The International Ethics Standards Board for Accountants® (IESBA®) has issued two new ethics standards. The first addresses fee-related prohibitions. Firms may not permit the audit fee to be influenced by the provision of services other than the audit to the audit client. In addition, they revised the non-assurance services rules to clarify the circumstances in which firms may provide nonassurance services to an audit or assurance client.
The AICPA’s Professional Ethics Executive Committee (PEEC) has issued an updated proposal around reporting noncompliance with laws and regulations (NOCLAR). Originally issued in 2017, PEEC has been trying to converge with the international standards while addressing unique US issues. The proposal includes separating the requirements for those in public practice between those providing attest services and those providing services that are not attest services. It also provides other clarifications in response to the comment letters received in the first proposal. Comments are due June 30.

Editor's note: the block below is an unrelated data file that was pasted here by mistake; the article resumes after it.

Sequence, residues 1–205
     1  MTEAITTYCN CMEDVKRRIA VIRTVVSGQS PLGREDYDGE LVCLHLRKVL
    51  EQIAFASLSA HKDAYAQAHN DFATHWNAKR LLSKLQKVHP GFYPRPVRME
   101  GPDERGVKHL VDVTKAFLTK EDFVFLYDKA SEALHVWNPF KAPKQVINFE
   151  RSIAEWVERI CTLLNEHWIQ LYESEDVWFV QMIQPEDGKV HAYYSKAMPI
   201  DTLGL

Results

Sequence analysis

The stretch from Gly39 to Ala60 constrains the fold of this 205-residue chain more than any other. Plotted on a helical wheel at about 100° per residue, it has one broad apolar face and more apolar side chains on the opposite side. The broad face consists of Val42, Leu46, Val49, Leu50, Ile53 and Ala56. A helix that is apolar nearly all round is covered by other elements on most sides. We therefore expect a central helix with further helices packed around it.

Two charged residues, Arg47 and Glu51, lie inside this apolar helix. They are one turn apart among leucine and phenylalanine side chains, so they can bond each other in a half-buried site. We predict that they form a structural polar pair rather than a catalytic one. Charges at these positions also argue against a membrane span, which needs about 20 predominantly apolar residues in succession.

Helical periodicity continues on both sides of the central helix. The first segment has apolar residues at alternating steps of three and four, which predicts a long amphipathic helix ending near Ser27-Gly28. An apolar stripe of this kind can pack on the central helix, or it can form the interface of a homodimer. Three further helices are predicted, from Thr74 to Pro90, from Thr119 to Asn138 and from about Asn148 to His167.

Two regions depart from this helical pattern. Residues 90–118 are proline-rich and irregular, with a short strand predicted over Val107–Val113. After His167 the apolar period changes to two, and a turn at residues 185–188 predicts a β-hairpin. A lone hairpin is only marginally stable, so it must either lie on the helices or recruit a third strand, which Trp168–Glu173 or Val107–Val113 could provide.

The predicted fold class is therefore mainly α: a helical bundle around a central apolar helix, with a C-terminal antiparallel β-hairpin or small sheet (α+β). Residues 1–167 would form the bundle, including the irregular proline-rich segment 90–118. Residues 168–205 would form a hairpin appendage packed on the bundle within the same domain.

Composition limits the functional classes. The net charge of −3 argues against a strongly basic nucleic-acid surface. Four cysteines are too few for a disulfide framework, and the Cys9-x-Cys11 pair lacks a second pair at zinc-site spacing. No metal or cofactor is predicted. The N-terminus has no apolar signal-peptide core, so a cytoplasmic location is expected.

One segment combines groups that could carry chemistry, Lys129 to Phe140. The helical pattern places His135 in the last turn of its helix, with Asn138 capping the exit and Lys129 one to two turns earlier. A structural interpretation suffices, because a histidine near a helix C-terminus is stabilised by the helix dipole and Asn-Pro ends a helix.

The AICPA’s Professional Ethics Executive Committee (PEEC) has issued a Temporary Policy Statement regarding the recent changes by the SEC to their independence rules. Because the rules do not align with the AICPA Code, while PEEC evaluates whether any changes are needed, PEEC has provided a temporary enforcement permitting auditors who follow both to be compliant if they adopt the new SEC rules. The policy is effective until rescinded.
In 2019, the AICPA issued a consultation paper for feedback on the projects PEEC should address. After evaluating feedback, PEEC has issued their Strategy and Work Plan for 2021-2023 which includes standard setting and member enrichment projects. This week’s blog addresses what projects made the cut and when the projects will be kicking off.
The AICPA has rolled out a Toolkit to Assist Firms in identifying affiliates under the new ET Section 1.224.020. In June 2019, the PEEC rolled out a new definition of affiliate for State and Local Governments. However, the new rules were complex so the AICPA has released a decision tree for identifying affiliates as well as a variety of tools that firms can use to determine their compliance with the independence standards.